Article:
The project involves direct interactions with stakeholders. In addition to attending a City Council meeting, the team made a presentation at the Seattle Planning Commission and went on an ADU tour where homeowners shared concerns and considerations that the team incorporated into the tool, such as adding data about ADUs on a corner lot, in an alley, or in a basement with daylight. “Getting to talk to people actually involved in the activism and seeing the swell of interest from people in different backgrounds, and the position of the city to actually implement policy, that was very informative for me to realize how big the scope of this project really is and what the impact potentially could be with the right support behind it,” said fellow Adrian Mikelangelo Tullock, a UW masters student in Interdisciplinary Data Science.
Fellow Anagha Uppal, a Ph.D. geography student at the University of California, Santa Barbara, described how building a user-friendly tool grew in importance during the course of the program. “Initially we focused on the modeling piece and understanding the factors for building an ADU. But over time we realized that component, although important, was less relevant than producing the outward-facing tool,” she said. In addition to serving homeowners, the tool has research, education, and analytical applications. For example, it could reveal neighborhoods with high rates of eligibility and limited average incomes, indicating an opportunity for promoting ADU creation through financial assistance programs.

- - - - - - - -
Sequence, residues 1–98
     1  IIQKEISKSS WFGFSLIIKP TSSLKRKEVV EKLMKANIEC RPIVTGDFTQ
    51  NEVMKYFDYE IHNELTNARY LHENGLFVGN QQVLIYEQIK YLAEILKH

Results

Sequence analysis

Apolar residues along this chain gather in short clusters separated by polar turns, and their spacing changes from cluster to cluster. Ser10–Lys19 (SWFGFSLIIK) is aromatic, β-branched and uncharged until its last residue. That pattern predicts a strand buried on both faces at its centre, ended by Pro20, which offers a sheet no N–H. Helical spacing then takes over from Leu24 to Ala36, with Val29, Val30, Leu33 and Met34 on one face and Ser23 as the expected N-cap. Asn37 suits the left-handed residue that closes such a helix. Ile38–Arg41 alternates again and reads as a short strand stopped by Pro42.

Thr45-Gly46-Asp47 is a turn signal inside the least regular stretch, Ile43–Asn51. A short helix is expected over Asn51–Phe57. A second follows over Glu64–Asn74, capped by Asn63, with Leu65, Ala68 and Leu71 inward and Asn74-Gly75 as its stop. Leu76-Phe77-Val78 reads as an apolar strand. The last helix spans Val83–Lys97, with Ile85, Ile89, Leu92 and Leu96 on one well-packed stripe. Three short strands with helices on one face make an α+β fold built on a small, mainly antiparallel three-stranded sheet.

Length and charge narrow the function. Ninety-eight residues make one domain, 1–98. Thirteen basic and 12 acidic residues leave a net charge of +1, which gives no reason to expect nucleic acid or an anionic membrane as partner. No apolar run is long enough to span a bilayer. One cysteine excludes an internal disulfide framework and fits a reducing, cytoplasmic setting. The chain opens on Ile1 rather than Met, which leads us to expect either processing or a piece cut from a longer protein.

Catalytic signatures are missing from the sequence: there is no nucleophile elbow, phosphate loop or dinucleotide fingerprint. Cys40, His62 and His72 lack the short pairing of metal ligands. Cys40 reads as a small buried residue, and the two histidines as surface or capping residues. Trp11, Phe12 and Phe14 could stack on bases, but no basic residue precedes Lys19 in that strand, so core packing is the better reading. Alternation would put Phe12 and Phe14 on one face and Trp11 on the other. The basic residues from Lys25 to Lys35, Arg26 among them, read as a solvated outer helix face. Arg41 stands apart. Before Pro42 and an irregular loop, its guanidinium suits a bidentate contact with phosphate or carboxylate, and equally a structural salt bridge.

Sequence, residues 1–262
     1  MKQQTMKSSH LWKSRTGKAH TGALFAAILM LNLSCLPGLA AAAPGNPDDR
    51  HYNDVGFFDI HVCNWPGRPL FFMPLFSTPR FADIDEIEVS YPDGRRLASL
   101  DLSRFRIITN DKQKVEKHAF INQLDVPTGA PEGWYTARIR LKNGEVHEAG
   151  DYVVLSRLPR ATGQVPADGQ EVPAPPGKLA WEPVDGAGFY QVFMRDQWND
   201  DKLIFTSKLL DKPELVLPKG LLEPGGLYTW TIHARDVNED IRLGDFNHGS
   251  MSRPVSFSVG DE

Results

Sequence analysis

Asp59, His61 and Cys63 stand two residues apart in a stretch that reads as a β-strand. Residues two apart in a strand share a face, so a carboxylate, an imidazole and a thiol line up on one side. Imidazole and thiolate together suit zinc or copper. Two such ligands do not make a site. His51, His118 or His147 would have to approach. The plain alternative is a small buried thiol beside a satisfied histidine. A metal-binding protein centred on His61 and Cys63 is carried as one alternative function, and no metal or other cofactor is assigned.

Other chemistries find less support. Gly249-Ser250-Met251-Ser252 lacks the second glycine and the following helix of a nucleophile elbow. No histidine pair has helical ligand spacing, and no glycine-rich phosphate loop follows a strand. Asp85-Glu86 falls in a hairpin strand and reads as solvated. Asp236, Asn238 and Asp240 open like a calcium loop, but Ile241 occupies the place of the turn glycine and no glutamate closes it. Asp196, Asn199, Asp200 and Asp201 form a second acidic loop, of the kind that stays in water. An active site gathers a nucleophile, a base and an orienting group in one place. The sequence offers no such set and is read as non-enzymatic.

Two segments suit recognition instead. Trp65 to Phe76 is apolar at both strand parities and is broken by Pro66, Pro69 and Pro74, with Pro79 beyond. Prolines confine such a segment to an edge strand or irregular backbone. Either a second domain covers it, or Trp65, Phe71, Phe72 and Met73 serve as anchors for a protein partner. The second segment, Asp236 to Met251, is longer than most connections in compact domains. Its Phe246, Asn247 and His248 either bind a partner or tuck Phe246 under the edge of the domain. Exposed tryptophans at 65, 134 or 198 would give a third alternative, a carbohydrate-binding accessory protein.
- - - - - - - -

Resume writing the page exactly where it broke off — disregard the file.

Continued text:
Fellow Emily A. Finchum-Mason, a Ph.D. candidate in the UW Evans School of Public Policy & Governance said she’s curious to see how this tool influences public behavior. “I’m interested in using this as a platform to better understand the public information campaign as a means of inducing this behavior, and how this helps us understand the overall landscape of affordability housing in Seattle what our key levers are for making the needle move,” she said.
The project utilizes open-source data from the King County Assessor and the City of Seattle’s GIS data, along with financial data from Zillow, which they cross-checked with sales and assessment data. Technical tools used include Python, SQL, and GIS. Joseph Hellerstein, senior data science fellow at the eScience Institute and an affiliate professor of computer science and engineering at the UW, is the project’s data science lead. In trying to determine the overall uses of ADUs, such as short versus long-term housing, the team looked at data from Portland and Vancouver. They examined local Airbnb listings, where they found listings both for ADUs and for homes in which owners live in their ADU and rent out their main house. The team also conducted an econometric analysis based on past home sales.